Invest Wisely

To help accumulate the money you need for retirement, you should think about doing the following: determine your risk tolerance, diversify your investments, invest regularly, and look for funds with low expenses and fees.

The 2008 to 2009 stock market decline and ensuing recession made even the most seasoned investors more cautious. But that doesn’t mean you shouldn’t invest. What you need is an investment strategy that reflects your personal goals, values, and circumstances.

Financial advisors can help you create one by defining your investment objectives and risk tolerance. To chart your progress, you might want to try a tool like Envision®, a customized investment planning process that helps you identify and prioritize personal goals.
Unless your circumstances or goals shift, your investing mantra should be: “Stick with the plan.”
Investment objectives are based on your answer to two questions: What is the purpose of the money I hope to accumulate? And how much time do I have to get there?
Risk tolerance is your ability to manage your fear of a financial loss, balanced against your desire to see your money grow. Historically, riskier investments that go up and down in value also tend to offer the biggest gains over the long term.

Most of us need to accept some level of risk to reach our goals. In other words, you may need to consider some riskier investments such as stocks in your retirement account.

Please know that while stocks offer long-term growth potential, they may fluctuate more and provide less current income than other investments. An investment in the stock market should be made with an understanding of the risks associated with common stocks, including market fluctuations. Of course, you’ll also want to keep some money in safer, more liquid accounts, such as certificates of deposit, money-market accounts, and savings accounts.

You already have one advantage: According to studies at the University of California, women tend to be wiser investors than men. The reason? Men are more likely to be overconfident and make mistakes such as putting too much money on a stock tip.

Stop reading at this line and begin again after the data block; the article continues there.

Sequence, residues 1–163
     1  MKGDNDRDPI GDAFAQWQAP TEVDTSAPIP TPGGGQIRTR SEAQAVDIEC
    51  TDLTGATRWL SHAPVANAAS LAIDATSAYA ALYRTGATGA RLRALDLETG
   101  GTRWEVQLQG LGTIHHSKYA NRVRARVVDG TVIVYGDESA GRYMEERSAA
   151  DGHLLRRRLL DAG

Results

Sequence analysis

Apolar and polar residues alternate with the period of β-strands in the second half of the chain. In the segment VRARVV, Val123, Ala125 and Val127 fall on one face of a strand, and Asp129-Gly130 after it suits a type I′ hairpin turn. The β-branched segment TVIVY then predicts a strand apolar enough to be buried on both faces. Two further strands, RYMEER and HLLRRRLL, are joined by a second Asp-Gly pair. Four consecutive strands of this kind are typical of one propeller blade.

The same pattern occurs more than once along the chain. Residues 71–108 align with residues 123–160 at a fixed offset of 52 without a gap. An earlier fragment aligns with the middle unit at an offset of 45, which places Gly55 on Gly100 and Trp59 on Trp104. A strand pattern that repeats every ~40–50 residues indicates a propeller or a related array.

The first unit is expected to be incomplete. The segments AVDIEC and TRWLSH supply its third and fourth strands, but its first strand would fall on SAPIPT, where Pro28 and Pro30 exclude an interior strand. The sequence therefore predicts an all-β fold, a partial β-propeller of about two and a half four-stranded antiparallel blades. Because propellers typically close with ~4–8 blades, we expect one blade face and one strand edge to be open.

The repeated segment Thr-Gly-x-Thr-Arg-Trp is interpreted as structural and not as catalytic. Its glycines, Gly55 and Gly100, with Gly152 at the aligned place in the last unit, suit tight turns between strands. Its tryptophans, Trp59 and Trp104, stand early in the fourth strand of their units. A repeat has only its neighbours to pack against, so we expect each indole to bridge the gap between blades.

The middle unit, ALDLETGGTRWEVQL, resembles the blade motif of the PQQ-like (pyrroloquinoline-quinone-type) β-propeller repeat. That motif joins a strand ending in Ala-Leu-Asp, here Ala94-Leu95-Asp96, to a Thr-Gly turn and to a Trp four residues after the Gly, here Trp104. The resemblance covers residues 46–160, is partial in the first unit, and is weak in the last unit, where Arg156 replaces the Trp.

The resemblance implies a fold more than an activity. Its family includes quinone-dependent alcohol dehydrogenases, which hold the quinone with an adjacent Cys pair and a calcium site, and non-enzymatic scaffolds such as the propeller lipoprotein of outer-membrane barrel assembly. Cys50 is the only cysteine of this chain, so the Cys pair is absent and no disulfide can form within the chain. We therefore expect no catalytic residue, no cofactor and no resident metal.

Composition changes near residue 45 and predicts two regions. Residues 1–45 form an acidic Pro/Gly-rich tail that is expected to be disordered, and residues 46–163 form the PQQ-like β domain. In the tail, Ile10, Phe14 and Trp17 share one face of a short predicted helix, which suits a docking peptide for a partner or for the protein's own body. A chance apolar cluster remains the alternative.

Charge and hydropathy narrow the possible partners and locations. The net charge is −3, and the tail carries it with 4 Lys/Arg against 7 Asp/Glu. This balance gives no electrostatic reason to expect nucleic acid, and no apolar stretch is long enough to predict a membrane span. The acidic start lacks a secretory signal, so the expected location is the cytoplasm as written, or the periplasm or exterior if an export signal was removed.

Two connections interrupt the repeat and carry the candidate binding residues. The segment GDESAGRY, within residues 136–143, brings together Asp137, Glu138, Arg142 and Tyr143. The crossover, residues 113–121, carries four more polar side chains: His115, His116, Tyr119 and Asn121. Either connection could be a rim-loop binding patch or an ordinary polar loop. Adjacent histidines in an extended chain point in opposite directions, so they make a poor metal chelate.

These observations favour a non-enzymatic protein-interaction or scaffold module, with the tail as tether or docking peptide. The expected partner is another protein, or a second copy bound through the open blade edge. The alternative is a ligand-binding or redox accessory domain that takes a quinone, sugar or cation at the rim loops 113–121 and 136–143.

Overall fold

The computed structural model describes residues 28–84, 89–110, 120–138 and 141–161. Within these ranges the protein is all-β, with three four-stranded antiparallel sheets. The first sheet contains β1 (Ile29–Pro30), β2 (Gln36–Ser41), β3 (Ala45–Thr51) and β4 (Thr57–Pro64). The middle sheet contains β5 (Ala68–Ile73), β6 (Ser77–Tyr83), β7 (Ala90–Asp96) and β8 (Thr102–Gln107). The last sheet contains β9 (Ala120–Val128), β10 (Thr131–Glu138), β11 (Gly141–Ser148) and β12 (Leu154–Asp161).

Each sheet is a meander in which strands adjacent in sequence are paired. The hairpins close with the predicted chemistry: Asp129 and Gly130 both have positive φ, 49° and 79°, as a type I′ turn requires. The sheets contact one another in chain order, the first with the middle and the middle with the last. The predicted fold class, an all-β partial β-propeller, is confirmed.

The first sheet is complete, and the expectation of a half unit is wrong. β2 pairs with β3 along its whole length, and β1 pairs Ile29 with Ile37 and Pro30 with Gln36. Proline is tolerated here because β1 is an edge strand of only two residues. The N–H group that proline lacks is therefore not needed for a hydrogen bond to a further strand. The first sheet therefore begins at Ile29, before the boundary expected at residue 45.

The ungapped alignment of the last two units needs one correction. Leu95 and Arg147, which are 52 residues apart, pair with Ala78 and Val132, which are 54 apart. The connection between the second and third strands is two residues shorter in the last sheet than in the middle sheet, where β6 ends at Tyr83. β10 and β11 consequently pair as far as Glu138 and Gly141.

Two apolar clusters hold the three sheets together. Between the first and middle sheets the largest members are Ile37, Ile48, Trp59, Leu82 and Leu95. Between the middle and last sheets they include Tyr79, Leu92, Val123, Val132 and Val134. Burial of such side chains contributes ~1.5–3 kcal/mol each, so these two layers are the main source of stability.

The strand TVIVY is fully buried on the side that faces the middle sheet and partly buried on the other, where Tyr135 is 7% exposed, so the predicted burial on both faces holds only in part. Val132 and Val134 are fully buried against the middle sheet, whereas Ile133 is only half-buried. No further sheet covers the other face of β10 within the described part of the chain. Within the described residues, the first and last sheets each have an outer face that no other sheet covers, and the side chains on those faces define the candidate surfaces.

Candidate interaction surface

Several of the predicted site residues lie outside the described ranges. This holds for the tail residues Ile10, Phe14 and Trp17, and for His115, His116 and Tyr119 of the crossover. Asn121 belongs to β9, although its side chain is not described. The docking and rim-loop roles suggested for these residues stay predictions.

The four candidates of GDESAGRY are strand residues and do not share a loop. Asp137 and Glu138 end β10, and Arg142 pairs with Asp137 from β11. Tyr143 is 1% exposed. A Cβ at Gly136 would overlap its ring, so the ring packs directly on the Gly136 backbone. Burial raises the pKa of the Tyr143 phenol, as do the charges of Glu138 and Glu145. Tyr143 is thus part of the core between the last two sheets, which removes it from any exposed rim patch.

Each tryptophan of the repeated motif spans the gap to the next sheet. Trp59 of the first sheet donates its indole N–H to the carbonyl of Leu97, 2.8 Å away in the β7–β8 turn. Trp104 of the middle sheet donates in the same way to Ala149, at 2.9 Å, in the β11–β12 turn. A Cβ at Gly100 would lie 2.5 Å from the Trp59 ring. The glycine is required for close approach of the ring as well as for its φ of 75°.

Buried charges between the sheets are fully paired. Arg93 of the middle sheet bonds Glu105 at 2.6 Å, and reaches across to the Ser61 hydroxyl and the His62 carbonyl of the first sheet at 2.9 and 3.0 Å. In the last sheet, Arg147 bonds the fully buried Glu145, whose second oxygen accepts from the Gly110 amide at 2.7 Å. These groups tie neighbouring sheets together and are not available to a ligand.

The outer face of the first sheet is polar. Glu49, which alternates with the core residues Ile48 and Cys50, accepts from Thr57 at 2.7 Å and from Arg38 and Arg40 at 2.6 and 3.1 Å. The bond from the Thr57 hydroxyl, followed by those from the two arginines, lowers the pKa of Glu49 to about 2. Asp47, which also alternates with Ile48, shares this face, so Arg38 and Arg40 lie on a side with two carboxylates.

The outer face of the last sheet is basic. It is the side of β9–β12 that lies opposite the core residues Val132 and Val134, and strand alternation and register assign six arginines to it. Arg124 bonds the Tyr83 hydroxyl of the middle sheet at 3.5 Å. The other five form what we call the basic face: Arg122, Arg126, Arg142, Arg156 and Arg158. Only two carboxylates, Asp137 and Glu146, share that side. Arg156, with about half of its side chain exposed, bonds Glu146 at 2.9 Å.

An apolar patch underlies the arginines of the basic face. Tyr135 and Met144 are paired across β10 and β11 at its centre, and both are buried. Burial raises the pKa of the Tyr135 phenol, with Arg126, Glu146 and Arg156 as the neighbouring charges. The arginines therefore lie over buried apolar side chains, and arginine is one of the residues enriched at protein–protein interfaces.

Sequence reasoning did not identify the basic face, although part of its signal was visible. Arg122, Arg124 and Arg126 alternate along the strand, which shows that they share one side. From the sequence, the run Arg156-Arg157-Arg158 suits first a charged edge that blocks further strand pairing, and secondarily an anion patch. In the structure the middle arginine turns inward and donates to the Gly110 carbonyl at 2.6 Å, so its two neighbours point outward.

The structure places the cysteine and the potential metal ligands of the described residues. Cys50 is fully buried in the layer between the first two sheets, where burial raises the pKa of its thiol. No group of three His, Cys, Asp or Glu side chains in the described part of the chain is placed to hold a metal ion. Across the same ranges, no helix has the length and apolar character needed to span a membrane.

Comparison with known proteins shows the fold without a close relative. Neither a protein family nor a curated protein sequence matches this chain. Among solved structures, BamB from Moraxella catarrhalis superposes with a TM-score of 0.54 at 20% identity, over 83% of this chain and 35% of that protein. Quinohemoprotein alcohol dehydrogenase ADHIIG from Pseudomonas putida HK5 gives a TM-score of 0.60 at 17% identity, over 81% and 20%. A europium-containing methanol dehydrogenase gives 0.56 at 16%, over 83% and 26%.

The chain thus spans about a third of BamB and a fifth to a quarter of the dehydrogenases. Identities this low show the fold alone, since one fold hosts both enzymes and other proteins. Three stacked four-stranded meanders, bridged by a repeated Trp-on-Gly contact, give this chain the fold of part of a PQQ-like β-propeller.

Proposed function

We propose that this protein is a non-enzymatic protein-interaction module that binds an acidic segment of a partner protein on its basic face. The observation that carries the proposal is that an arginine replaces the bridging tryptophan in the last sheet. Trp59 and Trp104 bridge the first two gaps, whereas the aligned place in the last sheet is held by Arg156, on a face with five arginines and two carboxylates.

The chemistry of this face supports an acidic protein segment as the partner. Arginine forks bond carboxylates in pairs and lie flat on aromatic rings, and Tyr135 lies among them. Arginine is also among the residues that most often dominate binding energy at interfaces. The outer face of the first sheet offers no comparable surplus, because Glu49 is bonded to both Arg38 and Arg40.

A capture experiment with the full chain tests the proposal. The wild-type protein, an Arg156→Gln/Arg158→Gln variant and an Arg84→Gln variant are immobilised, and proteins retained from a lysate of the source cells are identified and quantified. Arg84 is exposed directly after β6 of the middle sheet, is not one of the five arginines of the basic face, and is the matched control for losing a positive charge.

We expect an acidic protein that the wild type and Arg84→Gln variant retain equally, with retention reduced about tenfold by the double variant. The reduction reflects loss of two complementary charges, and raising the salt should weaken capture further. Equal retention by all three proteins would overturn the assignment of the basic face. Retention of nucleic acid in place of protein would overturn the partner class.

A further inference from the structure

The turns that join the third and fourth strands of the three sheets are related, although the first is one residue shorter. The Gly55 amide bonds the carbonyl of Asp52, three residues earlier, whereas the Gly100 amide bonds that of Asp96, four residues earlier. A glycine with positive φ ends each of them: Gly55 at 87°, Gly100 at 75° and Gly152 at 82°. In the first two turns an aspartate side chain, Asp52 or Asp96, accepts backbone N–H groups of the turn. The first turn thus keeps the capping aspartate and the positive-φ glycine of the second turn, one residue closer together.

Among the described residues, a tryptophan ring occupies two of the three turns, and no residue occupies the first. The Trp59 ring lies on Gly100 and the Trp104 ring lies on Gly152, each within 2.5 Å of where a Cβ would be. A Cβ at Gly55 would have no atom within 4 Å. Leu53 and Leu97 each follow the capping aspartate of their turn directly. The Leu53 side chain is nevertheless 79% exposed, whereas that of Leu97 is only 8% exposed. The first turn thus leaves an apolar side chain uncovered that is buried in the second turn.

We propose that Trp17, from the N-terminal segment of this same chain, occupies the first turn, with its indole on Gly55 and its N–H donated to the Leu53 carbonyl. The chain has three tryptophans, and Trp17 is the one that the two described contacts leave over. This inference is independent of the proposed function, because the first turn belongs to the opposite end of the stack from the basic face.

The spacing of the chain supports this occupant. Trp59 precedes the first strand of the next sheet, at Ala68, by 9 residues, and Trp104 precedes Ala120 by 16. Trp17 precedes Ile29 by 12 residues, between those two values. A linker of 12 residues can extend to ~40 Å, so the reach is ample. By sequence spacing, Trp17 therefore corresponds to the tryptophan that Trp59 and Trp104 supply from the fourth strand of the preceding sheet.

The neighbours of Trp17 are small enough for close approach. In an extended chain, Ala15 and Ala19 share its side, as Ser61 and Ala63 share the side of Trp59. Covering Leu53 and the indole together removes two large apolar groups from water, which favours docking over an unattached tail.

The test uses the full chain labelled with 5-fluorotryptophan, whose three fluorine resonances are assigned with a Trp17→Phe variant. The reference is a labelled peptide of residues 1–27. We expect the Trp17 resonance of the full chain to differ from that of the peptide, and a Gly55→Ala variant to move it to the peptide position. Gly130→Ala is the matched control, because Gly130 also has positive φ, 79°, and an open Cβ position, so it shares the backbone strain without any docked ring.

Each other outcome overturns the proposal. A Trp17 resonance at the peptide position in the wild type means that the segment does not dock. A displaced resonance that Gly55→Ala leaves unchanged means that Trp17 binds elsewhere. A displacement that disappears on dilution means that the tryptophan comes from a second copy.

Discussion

What you may want to avoid
Wise investors typically do not try to “time the market” by selling stocks in anticipation of a market downturn or by jumping in hoping to catch a market upturn. They know that no one can reliably predict these turning points. They also don’t buy the latest hot investment just because it had stellar returns over the past three months.
What you may want to consider

  • Diversifying your investments
    A smart investor chooses a diverse mix of investments (including stocks and bonds) for long-term goals. A well-designed, diversified portfolio can help smooth out the market’s ups and downs while allowing you to take some risk.

    Asset allocation cannot eliminate the risk of fluctuating prices and uncertain markets. Diversification does not guarantee profit or protect against loss in declining markets.

  • Keeping investing costs low
    When looking at mutual funds or exchange traded funds (ETFs) take the funds sales charges and expenses into consideration. Are the funds’ expenses in line with other funds in its category? This is only one of many factors to take into consideration before investing in a mutual fund or ETF, but it sometimes can be overlooked.

    Exchange traded funds seek investment results that, before expenses, generally correspond to the price and yield of a particular index. There is no assurance that the price and yield performance of the index can be fully matched.

    Exchange traded funds and mutual funds are subject to risks similar to those of stocks. Investment returns may fluctuate and are subject to market volatility, so that an investor’s shares, when redeemed or sold, may be worth more or less than their original cost.

  • Going on automatic pilot
    If you’re fairly new to investing or cautious by nature, consider setting up an automatic system that ensures you’ll be investing regularly. You could create an arrangement that allows an automatic monthly transfer of a set amount of money from your bank account to a mutual fund. A 401(k) or 403(b) retirement fund at work is another excellent way to invest automatically, because the money goes into the investment choice or choices you’ve prearranged.

    A periodic investment plan does not assure a profit or protect against a loss in declining markets. Since such a strategy involves continuous investment, the investor should consider his or her ability to continue purchases through periods of low price levels.

    Unless your circumstances or goals shift, your investing mantra should be: “Stick with the plan.”

Key Points:

  • Determine your risk tolerance with the help of an advisor.
  • Choose a diverse mix of investments.
  • Take management fees into consideration when looking at mutual funds or exchange-traded funds.

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